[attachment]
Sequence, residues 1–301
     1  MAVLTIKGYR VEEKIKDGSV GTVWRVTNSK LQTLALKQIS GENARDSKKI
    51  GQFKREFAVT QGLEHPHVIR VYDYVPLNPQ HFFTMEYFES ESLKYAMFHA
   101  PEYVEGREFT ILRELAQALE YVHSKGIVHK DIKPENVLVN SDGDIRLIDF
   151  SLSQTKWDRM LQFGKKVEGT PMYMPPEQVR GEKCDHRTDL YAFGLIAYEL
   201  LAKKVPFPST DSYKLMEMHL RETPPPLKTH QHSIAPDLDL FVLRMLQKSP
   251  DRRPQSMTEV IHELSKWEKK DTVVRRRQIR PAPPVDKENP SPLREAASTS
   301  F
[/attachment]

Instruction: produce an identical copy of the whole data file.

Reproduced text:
Sequence, residues 1–301
     1  MAVLTIKGYR VEEKIKDGSV GTVWRVTNSK LQTLALKQIS GENARDSKKI
    51  GQFKREFAVT QGLEHPHVIR VYDYVPLNPQ HFFTMEYFES ESLKYAMFHA
   101  PEYVEGREFT ILRELAQALE YVHSKGIVHK DIKPENVLVN SDGDIRLIDF
   151  SLSQTKWDRM LQFGKKVEGT PMYMPPEQVR GEKCDHRTDL YAFGLIAYEL
   201  LAKKVPFPST DSYKLMEMHL RETPPPLKTH QHSIAPDLDL FVLRMLQKSP
   251  DRRPQSMTEV IHELSKWEKK DTVVRRRQIR PAPPVDKENP SPLREAASTS
   301  F